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PostSubject: Re: Dynatron's bug exterminator guide: avoiding common coding errors   July 11th 2016, 7:59 am

Nice sticky useful MUGEN topic!   I will try to use some of your MUGEN de-bug points in my MUGEN stuff!  study

About the frame data part, I want to mention that for all melees (MUGEN HitDef/ReversalDef) and projectiles (pure MUGEN Projectile or MUGEN Helper-based Projectile), MUGEN engine always behaves weirdly when an attack's animation first 1st frame is the attacking frame, provided that the attack is being defined and activated just in the beginning of the animation (i.e. Time = 0) in the aforementioned MUGEN State Controllers -- its MUGEN Enemies may not be able guard/block at all.  No
Also, your MUGEN player's and your MUGEN enemies' distances and velocities might also affect the active attacking and guarding frames, some unwanted "Hit-or-Miss" effects might happen......too bad MUGEN engine doesn't allow dynamic frame boxes change by MUGEN CNS code.......well, I was studying something like this a while ago before, as seen on this Japanese MUGEN web page:
http://3rd.geocities.jp/fay418_mugen/AITechnic/AItechnic.html

>> I'm going to be adding a new post about advanced coding tricks at some point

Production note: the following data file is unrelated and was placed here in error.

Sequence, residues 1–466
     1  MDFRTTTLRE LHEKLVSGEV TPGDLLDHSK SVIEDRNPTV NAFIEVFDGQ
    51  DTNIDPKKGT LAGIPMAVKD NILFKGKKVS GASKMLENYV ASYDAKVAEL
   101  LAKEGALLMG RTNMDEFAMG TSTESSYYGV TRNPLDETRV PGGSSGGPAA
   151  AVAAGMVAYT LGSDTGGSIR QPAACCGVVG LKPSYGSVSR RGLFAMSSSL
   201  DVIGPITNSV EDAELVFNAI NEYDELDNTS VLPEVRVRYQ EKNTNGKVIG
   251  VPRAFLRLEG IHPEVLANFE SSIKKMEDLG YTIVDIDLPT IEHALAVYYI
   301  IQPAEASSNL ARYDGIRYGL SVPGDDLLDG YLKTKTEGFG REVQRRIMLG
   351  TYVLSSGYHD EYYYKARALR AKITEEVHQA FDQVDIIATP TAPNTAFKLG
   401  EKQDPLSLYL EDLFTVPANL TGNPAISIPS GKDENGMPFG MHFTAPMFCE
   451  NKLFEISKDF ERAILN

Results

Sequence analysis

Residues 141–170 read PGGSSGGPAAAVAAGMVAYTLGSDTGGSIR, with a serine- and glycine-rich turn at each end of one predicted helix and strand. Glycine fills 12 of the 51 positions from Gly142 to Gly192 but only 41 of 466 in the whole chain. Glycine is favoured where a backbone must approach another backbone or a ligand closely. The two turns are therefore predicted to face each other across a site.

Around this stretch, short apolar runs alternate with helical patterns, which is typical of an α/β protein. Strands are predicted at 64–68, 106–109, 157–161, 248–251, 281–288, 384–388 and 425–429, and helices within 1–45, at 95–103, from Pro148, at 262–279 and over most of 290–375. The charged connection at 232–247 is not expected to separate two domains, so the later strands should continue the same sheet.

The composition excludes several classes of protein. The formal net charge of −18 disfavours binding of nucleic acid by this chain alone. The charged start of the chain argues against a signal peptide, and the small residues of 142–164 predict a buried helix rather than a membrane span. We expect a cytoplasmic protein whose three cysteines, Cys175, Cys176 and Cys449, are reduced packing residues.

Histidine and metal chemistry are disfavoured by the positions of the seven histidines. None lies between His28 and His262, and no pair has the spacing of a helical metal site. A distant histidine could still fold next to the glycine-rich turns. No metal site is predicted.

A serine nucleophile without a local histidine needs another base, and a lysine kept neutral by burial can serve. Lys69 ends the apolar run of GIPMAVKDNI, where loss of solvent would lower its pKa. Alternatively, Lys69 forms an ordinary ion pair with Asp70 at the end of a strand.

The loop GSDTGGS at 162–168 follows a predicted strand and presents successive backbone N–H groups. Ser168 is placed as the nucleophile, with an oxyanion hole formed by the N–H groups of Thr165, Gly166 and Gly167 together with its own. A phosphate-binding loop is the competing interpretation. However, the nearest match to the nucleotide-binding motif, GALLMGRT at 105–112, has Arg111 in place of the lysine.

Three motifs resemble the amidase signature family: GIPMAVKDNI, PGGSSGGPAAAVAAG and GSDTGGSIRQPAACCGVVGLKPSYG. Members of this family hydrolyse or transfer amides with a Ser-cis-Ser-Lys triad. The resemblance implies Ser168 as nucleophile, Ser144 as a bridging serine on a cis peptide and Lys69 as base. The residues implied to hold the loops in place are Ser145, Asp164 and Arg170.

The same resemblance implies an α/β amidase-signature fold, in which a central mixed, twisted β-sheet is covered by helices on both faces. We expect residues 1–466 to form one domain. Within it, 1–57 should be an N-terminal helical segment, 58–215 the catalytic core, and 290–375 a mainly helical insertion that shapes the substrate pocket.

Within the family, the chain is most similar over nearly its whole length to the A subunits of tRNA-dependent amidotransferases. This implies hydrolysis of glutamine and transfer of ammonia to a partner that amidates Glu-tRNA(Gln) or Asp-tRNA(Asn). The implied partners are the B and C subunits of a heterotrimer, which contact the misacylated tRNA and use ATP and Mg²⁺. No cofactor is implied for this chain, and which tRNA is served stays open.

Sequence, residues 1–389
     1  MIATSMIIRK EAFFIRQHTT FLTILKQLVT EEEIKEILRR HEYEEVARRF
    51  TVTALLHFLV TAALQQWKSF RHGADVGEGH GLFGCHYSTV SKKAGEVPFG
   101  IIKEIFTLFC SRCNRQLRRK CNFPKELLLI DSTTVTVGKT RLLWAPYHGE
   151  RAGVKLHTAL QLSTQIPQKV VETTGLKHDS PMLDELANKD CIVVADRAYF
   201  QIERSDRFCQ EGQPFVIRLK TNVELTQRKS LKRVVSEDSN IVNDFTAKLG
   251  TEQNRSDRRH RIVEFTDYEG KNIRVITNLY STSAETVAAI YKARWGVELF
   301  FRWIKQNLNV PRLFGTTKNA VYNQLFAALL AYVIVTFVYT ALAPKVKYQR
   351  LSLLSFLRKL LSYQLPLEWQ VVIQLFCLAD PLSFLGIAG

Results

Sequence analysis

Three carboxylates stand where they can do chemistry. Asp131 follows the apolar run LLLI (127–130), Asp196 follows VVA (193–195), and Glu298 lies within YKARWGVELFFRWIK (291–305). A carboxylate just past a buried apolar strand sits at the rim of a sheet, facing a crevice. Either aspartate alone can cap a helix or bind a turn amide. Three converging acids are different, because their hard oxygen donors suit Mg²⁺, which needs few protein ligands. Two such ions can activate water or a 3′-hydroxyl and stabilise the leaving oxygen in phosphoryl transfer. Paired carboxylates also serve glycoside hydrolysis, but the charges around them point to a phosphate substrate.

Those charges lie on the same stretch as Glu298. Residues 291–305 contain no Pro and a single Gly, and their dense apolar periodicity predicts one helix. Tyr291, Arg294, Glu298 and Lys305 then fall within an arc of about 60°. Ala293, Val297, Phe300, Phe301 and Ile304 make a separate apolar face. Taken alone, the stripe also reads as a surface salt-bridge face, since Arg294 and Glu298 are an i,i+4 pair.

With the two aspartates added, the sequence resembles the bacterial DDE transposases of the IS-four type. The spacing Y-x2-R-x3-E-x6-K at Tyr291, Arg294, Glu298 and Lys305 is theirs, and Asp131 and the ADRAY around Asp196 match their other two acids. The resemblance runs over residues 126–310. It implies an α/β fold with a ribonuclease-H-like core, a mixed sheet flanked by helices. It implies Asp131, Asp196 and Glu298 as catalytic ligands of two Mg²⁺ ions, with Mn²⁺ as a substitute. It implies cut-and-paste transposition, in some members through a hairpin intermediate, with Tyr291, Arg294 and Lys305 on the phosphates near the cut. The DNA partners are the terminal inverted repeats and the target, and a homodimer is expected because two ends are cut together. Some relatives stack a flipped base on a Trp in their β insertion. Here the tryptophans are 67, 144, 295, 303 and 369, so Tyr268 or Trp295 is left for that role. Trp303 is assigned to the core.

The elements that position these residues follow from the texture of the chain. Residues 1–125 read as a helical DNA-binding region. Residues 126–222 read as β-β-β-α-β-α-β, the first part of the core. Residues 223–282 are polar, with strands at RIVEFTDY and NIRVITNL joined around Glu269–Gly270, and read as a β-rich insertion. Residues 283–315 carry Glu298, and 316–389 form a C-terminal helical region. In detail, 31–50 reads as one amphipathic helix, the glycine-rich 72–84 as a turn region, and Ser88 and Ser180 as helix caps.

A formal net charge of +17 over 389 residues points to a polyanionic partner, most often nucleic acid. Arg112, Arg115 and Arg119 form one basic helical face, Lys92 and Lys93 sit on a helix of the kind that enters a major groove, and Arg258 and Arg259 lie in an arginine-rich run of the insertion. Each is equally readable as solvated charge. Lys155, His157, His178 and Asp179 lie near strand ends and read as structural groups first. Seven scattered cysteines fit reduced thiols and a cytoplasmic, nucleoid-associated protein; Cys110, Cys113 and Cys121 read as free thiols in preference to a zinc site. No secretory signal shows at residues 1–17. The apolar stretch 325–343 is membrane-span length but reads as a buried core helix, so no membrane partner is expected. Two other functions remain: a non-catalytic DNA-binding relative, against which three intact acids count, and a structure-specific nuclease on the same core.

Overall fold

Can't wait to seeing your advanced MUGEN code for every good MUGEN de-bug point you are making! bounce
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Mistah Jorge

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PostSubject: Re: Dynatron's bug exterminator guide: avoiding common coding errors   July 11th 2016, 9:36 am

ha.... the training character is a good character for testing, shoutout for people who don't know how to proper set the mid and head position (like me before)
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PostSubject: Re: Dynatron's bug exterminator guide: avoiding common coding errors   December 19th 2016, 12:25 pm

For a MUGEN character's non-Projectile attack, its MUGEN Enemy may not be able to guard/block the attack at all if this is the attack setting :
1) the attack animation's first 1st frame has the red attack collision box:
    [Begin Action 200] ; standing light punch for a MUGEN example
    Clsn1: 1 ;red attack collision box
    Clsn1[0] =  29,-113, 75,-86
    Clsn2: 2 ;blue get-hit collision boxes
    Clsn2[0] = -23,-116, 15,  1
    Clsn2[1] = -16,-129,  5,-112   
    200, 0, 0, 0, 3
    ..................
    ..................
    ..................